MOSCOW --- Russia’s Tactical Missiles Corporation considers the Russian-Indian BrahMos project as an ideal example of military and technical cooperation, Corporation CEO Boris Obnosov said on Thursday.
"This is one of the examples of military and technical cooperation between the two countries, which is effective and useful for both states," the chief executive said.
Speaking about the prospects of selling BrahMos missiles to third countries, the chief executive noted that such an issue was being considered but the Tactical Missiles Corporation declined to disclose any details.
"Any deal fears too much hype," he added.
The PJ-10 BrahMos is a supersonic cruise missile with the solid propellant booster. The missile was developed by the Research and Production Association of Machine-Building in the town of Reutov near Moscow and India’s Defense Research and Development Organization (DRDO). The missile is a modification of the Soviet anti-ship missile developed by the Reutov design bureau in the late 1980s.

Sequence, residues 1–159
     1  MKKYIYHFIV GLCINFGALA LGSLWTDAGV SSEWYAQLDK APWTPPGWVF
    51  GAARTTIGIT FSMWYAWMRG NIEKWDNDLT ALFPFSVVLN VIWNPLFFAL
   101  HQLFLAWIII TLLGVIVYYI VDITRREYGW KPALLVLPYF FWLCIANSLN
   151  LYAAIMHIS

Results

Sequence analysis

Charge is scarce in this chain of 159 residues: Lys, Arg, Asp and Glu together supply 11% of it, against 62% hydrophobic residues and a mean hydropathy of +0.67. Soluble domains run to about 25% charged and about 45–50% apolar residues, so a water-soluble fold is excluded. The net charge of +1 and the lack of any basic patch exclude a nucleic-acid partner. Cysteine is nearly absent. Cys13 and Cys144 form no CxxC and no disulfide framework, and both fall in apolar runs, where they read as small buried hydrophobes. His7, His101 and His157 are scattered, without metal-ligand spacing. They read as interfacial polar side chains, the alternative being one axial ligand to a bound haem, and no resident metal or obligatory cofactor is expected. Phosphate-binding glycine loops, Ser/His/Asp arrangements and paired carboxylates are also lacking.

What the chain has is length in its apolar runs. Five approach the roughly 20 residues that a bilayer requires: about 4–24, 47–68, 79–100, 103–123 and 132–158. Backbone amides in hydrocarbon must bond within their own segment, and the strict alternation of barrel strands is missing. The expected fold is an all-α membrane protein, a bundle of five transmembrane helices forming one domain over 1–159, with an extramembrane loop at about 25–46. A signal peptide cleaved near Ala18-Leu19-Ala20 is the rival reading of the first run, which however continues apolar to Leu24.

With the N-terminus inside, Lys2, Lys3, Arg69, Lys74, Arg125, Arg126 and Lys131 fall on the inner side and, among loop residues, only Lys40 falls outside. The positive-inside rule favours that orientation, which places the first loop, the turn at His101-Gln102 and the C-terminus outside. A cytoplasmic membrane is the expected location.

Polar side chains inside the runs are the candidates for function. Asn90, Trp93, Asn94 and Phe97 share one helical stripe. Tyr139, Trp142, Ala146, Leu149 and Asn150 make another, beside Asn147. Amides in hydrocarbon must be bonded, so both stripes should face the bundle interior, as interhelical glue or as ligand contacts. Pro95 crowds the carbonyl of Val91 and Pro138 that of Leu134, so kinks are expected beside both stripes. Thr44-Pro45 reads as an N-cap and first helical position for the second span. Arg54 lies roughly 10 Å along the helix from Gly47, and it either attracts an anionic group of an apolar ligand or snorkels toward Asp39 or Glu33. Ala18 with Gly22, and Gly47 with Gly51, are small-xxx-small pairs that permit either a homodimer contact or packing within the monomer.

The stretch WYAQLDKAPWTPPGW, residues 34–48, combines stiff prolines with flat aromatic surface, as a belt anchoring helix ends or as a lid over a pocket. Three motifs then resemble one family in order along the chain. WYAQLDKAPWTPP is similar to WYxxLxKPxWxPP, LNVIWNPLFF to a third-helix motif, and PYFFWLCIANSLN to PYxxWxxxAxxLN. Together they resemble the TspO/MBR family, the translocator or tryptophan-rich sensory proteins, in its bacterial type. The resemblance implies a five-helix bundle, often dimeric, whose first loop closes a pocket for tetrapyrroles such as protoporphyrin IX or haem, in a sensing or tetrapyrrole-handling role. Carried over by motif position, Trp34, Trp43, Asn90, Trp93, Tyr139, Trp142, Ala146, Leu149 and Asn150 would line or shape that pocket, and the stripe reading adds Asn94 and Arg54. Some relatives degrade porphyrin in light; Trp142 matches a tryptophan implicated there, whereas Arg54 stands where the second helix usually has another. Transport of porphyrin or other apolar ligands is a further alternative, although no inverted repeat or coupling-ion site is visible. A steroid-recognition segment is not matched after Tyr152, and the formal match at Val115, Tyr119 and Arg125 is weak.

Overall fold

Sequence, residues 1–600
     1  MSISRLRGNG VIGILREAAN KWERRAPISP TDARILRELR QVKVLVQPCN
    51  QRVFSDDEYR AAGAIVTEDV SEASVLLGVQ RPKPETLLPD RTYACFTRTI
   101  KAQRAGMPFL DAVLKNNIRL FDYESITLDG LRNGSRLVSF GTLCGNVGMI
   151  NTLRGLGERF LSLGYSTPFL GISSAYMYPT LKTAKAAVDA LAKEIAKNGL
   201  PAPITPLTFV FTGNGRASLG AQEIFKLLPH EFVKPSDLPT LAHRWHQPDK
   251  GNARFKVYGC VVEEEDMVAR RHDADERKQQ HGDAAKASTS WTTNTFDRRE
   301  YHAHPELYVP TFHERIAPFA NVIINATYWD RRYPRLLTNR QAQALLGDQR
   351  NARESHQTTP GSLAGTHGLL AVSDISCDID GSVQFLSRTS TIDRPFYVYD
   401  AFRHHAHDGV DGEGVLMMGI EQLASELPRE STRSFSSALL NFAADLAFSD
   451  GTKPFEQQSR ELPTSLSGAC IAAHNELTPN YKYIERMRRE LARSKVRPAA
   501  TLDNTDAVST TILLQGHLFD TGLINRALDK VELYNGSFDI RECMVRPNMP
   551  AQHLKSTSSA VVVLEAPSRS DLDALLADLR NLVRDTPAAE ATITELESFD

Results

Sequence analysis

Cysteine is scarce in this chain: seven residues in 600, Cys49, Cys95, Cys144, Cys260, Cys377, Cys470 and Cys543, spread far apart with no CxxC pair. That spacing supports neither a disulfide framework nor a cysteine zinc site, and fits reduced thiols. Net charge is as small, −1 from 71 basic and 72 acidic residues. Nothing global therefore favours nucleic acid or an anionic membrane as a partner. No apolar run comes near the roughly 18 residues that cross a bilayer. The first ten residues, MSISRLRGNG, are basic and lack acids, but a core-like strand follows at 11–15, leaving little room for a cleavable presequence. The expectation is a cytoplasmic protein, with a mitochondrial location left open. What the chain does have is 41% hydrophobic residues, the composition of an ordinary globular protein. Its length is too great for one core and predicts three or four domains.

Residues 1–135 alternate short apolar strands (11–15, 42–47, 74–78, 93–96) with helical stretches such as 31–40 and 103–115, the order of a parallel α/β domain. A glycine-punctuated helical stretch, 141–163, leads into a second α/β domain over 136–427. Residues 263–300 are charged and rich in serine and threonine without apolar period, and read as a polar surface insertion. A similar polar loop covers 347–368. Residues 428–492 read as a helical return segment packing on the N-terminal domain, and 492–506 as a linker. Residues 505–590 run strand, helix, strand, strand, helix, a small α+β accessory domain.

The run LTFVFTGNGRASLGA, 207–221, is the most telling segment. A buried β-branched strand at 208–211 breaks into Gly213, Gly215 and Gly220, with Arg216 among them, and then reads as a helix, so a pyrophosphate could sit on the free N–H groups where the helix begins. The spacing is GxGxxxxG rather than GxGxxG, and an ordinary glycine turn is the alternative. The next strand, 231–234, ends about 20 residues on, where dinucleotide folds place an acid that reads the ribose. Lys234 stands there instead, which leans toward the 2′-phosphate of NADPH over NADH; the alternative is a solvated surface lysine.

The BrahMos was developed in the late 1990s - the first half of the 2000s pursuant to an agreement between the governments of Russia and India signed on February 12, 1998.
The project’s name was coined using the names of India’s Brahmaputra and Russia’s Moskva rivers. The first test launch was conducted on June 12, 2001 at the Chandipur range (the state of Odisha, India). The missile’s production was organized at enterprises both in Russia and India.
In May 2016, BrahMos Aerospace spokesman Praveen Pathak told TASS that New Delhi and Moscow had reached "a principled deal" on the export of these missiles to third countries. He named the Philippines, South Korea, Algeria, Greece, Malaysia, Thailand, and also Egypt, Singapore, Venezuela, the United Arab Emirates, Chile, South Africa and Vietnam among potential buyers of these missiles.